In those days, at least at Yale, we knew nothing about the role of dead reckoning in animal navigation (computing your present location by summing over every movement you have made since starting your trip). We also did not know that it depends on the animal’s having learned the local solar ephemeris, the change in the compass direction of the sun as the day progresses. Dead reckoning reflects the mathematical fact that position is the integral of velocity with respect to time. Dead reckoning would seem to require that velocity — itself a daunting abstraction from simple sensations — be explicitly represented. That computational consideration raises the algorithmic question of whether position is represented in Cartesian coordinates (x and y) or polar coordinates (direction and distance) — or even perhaps in some more exotic form. And the integration part of the computation raises the implementational question of how nonleaky integration can be physically implemented in nervous tissue. The integration must not be leaky, because the net displacement specified by the integrator must be well and truly the arithmetic sum of all the minidisplacements over the course of a journey that may last half an hour or more and follow a tortuous course. The local solar ephemeris is the compass direction of the sun’s azimuth as a function of the time of day at that latitude and that season. These are the kinds of computational, algorithmic, and implementational considerations in Marr’s take on the computational theory of mind and its role in behavioral and cognitive neuroscience. The notion of conduction is not adequate even to pose these questions, let alone to offer answers to them. We have learned that we cannot understand the causation of behavior, nor how the brain works, until we know the answers to these sorts of questions.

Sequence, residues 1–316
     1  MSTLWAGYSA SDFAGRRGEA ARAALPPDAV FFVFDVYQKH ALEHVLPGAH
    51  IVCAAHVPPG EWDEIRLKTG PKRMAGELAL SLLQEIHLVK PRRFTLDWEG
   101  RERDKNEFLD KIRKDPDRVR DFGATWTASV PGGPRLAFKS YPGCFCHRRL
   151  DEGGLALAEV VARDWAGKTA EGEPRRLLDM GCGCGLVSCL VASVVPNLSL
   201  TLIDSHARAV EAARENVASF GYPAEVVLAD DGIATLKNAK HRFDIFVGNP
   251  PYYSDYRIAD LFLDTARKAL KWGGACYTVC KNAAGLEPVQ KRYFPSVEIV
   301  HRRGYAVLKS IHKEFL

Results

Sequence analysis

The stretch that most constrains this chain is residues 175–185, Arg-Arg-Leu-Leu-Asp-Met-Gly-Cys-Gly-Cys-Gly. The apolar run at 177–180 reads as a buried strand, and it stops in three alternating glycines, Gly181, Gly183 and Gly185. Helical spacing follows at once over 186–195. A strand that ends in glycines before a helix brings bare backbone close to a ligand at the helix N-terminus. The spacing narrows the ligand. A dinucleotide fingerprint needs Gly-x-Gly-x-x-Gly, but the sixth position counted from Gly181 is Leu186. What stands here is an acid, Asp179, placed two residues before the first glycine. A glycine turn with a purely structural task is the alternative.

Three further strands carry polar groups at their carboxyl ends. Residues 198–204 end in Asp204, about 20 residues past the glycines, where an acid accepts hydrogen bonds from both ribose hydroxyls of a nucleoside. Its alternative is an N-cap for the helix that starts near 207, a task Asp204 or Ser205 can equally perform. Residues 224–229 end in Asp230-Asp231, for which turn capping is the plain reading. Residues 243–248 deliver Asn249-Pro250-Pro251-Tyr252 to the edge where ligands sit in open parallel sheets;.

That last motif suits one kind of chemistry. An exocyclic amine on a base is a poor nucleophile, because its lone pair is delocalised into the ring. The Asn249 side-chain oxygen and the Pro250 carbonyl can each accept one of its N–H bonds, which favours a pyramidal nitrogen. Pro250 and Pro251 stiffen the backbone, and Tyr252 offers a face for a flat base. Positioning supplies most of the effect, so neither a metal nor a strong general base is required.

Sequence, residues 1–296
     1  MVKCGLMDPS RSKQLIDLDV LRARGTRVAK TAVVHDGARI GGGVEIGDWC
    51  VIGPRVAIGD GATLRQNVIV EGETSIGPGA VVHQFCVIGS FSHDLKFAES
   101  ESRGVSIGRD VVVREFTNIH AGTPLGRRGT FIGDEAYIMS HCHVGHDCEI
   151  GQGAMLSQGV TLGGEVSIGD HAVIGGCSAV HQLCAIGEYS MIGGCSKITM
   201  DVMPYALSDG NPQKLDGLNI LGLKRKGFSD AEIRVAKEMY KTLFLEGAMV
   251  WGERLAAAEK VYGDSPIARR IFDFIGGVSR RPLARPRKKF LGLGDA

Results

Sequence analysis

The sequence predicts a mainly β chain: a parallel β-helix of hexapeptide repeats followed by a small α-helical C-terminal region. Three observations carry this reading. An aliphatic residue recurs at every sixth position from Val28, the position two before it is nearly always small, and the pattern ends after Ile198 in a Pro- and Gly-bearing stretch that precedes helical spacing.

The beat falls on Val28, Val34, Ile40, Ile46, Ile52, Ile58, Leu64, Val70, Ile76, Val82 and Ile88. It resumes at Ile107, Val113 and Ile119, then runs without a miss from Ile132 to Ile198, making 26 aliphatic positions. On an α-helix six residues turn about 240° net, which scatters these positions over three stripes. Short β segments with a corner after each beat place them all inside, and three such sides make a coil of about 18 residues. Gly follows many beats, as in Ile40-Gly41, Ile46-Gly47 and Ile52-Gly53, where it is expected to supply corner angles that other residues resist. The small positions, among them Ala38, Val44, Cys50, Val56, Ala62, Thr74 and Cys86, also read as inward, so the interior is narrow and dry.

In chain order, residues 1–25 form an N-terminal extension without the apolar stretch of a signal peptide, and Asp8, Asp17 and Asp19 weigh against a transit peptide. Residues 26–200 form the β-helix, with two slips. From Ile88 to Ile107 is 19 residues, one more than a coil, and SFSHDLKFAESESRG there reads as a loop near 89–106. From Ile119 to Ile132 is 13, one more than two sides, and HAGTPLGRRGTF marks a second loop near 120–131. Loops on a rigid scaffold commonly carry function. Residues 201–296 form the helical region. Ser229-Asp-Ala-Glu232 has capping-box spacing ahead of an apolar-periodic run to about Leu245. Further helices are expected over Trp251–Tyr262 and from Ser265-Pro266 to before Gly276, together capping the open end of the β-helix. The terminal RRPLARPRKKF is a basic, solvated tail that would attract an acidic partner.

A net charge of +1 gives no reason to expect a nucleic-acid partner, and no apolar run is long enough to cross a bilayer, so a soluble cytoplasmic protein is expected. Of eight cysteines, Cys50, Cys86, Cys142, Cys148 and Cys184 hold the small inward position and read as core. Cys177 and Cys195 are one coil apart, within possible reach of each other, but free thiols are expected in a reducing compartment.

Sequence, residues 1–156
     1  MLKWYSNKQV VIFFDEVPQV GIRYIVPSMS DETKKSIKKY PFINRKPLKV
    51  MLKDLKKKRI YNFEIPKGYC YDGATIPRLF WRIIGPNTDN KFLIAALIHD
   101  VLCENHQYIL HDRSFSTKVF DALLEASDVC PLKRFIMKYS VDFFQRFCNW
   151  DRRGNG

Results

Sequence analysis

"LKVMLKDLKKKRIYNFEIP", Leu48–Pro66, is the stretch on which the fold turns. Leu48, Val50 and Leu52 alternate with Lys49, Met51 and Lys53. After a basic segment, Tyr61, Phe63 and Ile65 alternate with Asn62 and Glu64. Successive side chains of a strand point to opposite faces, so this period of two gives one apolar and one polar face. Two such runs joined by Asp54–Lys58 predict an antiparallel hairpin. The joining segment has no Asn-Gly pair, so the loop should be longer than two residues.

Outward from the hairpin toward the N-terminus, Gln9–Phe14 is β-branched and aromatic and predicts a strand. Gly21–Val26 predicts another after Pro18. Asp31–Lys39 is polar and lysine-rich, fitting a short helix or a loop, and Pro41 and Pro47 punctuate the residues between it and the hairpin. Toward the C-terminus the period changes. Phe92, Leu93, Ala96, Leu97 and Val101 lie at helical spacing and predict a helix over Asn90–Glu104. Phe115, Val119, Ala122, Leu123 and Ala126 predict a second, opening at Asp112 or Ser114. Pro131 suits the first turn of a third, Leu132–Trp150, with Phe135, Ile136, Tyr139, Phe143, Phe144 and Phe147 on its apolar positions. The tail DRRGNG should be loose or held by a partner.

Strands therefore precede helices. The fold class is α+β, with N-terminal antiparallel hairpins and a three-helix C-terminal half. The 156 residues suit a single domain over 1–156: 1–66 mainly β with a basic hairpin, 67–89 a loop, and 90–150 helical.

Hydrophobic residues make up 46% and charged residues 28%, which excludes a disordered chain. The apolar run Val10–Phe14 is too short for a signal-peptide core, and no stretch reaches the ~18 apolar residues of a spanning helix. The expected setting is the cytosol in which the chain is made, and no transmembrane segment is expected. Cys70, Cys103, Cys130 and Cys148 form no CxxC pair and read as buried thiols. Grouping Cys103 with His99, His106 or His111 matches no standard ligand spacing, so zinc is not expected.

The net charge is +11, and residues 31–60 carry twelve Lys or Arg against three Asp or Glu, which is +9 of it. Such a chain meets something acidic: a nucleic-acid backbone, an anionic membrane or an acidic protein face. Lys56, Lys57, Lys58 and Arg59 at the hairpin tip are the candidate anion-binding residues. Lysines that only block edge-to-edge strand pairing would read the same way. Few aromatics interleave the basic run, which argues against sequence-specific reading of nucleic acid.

Behavioral neuroscientists have underplayed the astonishing level of abstraction that we see in the signals from individual neurons. Take for example, the head-direction cells; they are tuned to the compass direction in which the head is oriented. That is, these individual neurons fire selectively when the head points north, or northeast, or southwest, depending on which neuron one records from. Mathematically, compass direction is a point at infinity. It picks out an infinite family of polarized parallel lines — all those polarized parallel lines that, when followed to infinity in their positive directions, intersect at that one point. A head-direction cell tuned to a compass direction fires maximally whenever the midline of the head forms a cell-specific angle with a line in that family. In the general case, there are no compass-direction stimuli in the experienced environment, no sensible parallel rays emanating from fixed points on the compass. Estimating compass direction requires environmental input, to be sure, but its dependence on sensory input can be understood only in computational terms. These terms often challenge our patience for mathematical exposition — an exposition that would, in any event, take much more space than I have here.
What we haven’t yet learned are the answers to the computational questions that we have learned to ask. We do not yet know how the brain implements the basic elements of computation (the basic operations of arithmetic and logic). We do not yet know the mind’s computational primitives. We do not yet know in what abstract form (e.g., analog or digital) the mind stores the basic numerical quantities that give substance to the foundational abstractions, the information acquired from experience that specifies learned distances, directions, circadian phases, durations, and probabilities. Much less do we know the physical medium in nervous tissue that is modified in order to preserve these empirical quantities for use in later computations. Already as an undergraduate, I wanted to know the physical basis of memory in the brain. I begin to think that we are not to know this in my lifetime, but science often progresses in sudden and unexpected spurts, so I still hope to know it.